Soon after the Sugiharas left Kovno, the Germans entered the city. Between ten and fifteen thousand Jews – men, women, and children – were rounded up, taken to the outskirts of the city, and executed by machine gun squads.

At the end of the war, the Sugiharas spent eighteen months in a Soviet internment camp, and they were finally allowed to return to Japan in 1947. Soon afterward, Sugihara was dismissed from the Japanese Foreign Ministry “because of the Lithuanian incident.” He finally found employment in the Soviet Union, and returned home twice a year to see his family.

Sugihara and his wife often wondered if any of the Kovno refugees had survived the war. He went to the Israeli Embassy in Tokyo, but there was no information about any survivors. However, he left his address, in case any information would become available.

In 1968, during one of his visits home, Sugihara received a phone call from the Israeli Embassy. Joshua Nishri, who had called out to Sugihara as the train had left the Kovno station, was now an attache at the Israeli Embassy in Japan. The Sugiharas were delighted to learn that at least one person had survived. It was a very emotional meeting, and Nishri told the Sugiharas that many survivors had tried, in vain, to contact them, as they could not get any information from the Japanese Foreign Ministry.

The following year, the Sugiharas were invited to Israel by the Kovno survivors. They were honored by many Israeli officials. At the Yad Vashem Holocaust Museum in Jerusalem, Sugihara was impressed by the inscription: “To Remember and Never Forget.”

Hundreds of letters were sent to Yad Vashem by the Sugihara Survivors, as they were called, and in 1985, he was given Israel’s highest honor: the Righteous Among Nations Award. By that time, his health had deteriorated, and Mrs. Sugihara, accompanied by their son Nobuki, accepted the award on his behalf. Sugihara passed away the following year. There are now approximately one hundred thousand “Descendants of Sugihara.” (I personally know some of them.)

Every year, in Israel, on Yom HaShoah (literally, The Day of the Holocaust, pronounced ha-show-AH, which falls on the 27th of the Hebrew month of Nisan – April 19th this year) at exactly 10:00 a.m., a two-minute siren will sound throughout the country. Traffic will stop, the drivers will exit their cars and stand, the outdoor cafes of Tel Aviv will grow silent, pedestrians will halt, schoolchildren will stand quietly. “To Remember- And Never Forget” — not only the horror, but the self-sacrifice of people like Chiune Sugihara. May his memory be blessed.

Related Link:

Visas for Life Foundation

Jerusalem Post: Holocaust Remembrance Day events continue

This section is for comments from tammybruce.com's community of registered readers. Please don't assume that Tammy agrees with or endorses any particular comment just because she lets it stand.
28 Comments | Leave a comment
  1. dwbinder says:

    Thank God for Jews and thank God for Christians where ever they may be. It gives me hope in dark times past and dark times to come.

  2. ancientwrrior says:

    Goodness knows no boundaries of race or nationality. This man saw beyond it all.

  3. flaggman says:

    Amazing post Shifra. Amazing how most everyone heard of what was going on in Europe to the Jews, but very few chose to believe it, and even fewer chose to act. I would love to know if there were any academic studies on what percentage of Americans were smitten by fascism, Nazism and communism in the 1930s. I suspect it was high, and I think this mindset – encouraged by FDR who wanted to fundamentally transform the America that he believed had failed – was what made people not want to believe what they were hearing. They wanted to believe that Europe had answers that did not involve genocide and tyranny.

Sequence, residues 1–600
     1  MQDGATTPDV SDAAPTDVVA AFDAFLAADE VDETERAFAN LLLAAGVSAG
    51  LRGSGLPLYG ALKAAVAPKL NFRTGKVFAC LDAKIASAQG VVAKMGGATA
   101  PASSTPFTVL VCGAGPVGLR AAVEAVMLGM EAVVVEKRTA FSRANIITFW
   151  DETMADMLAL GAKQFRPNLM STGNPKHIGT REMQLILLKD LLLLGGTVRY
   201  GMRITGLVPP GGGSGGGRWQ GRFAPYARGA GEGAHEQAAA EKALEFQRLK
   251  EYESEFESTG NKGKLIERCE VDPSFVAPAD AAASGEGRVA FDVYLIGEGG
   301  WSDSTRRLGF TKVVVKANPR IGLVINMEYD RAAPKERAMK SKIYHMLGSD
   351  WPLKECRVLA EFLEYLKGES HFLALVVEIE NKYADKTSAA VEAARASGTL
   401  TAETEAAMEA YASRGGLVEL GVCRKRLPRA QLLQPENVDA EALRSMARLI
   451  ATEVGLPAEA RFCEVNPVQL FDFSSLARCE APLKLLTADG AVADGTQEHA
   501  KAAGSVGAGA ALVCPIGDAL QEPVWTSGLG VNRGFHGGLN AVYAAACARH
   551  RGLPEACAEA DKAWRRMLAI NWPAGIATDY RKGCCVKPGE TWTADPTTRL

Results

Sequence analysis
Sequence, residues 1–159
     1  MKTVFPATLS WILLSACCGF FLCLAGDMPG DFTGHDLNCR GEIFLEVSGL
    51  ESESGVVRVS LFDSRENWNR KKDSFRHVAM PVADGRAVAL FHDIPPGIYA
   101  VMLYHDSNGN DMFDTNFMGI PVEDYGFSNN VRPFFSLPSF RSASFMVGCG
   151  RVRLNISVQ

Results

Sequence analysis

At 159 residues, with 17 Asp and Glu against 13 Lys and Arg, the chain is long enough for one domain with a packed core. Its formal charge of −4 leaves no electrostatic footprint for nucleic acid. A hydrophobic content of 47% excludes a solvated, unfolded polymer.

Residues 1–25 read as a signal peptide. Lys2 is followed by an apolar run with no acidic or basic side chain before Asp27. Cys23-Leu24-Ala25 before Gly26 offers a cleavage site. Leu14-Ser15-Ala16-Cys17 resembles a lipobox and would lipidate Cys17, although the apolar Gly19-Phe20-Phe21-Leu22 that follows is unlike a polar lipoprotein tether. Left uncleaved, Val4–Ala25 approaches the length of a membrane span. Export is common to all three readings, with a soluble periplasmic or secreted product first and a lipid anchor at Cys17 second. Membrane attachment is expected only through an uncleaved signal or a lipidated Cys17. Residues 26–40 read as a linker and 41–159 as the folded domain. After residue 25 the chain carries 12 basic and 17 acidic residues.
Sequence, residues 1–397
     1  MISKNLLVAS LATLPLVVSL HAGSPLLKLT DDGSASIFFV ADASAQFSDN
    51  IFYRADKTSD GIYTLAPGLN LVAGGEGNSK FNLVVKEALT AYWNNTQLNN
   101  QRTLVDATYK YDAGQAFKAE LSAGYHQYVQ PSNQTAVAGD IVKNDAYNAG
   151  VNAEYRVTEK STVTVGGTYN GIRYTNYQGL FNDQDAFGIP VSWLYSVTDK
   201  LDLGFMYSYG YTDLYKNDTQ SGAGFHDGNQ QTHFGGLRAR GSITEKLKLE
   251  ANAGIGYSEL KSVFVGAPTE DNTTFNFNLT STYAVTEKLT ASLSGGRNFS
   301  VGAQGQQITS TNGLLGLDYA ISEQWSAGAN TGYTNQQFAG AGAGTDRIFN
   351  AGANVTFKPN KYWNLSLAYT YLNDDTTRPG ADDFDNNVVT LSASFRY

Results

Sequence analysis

4. jeaneeinabottle says:

    Thank you Shifra, gave me chills. Thank you God. Never forget, ever, I will never forget this story either….thank you.

  5. AniMel says:

    I had never heard this story before. Thank G-d for those willing to break the laws of man to show compassion on others.

  6. naga5 says:

    thank you, shifra!
    back in 1997 i was at Christian men’s conference in DC and visited the Holocaust museum. i gave the docents a ration for not having any material out about sugihara. i had attended a lecture at the local chabad and the rabbi’s father was saved by sugihara. i was able to incorporate the material in a lecture that i was able to give to the local middle school GATE class for the last 16 years about the japanese internment camp experience. although i may disagree with how that experience was handled, i think we all can agree that the principles of the declaration of independence are the touchstones that we can agree on, that we all have g-d given rights to life liberty and the pursuit of happiness.
    it reminds me of the first rules of theology.
    rule 1. g-d is g-d.
    rule 2. man is man.
    rule 3. never confuse rule 1 with rule 2.
    when man usurps g-d’s rule, trouble ensues. g-d lays out our choices, “i have set before you life and death, blessings and curse.” G-d admonishes us to “choose life.” the Holocaust is a flashpoint that shows us man’s capacity for great evil and great good. as the political season is upon us, may we see the choices before us, may we remember what the past teaches us and may we always choose life.
    thanks again, shifra!!!

  7. Mariachi says:

    Thank you so much Shifra. Every year I make it a point to try to go to the JFR’s seminar for educators, but I’d not heard of Sugihara before. He is an inspiration to those of all walks of life seeking to make righteous choices every day. Thank you for sharing his story.

  8. LucyLadley says:

    Shifra, I have been so blessed to get to know you through the TAMS. You are open to G-d working through you. By sharing your stories, you keep the flame of G-d’s love alive. Thank you for being an example for us, to share how G-d works through those who obey Him. We need to follow your lead & keep story telling alive.

  9. jimbo says:

    Shifra, that is a wonderful story.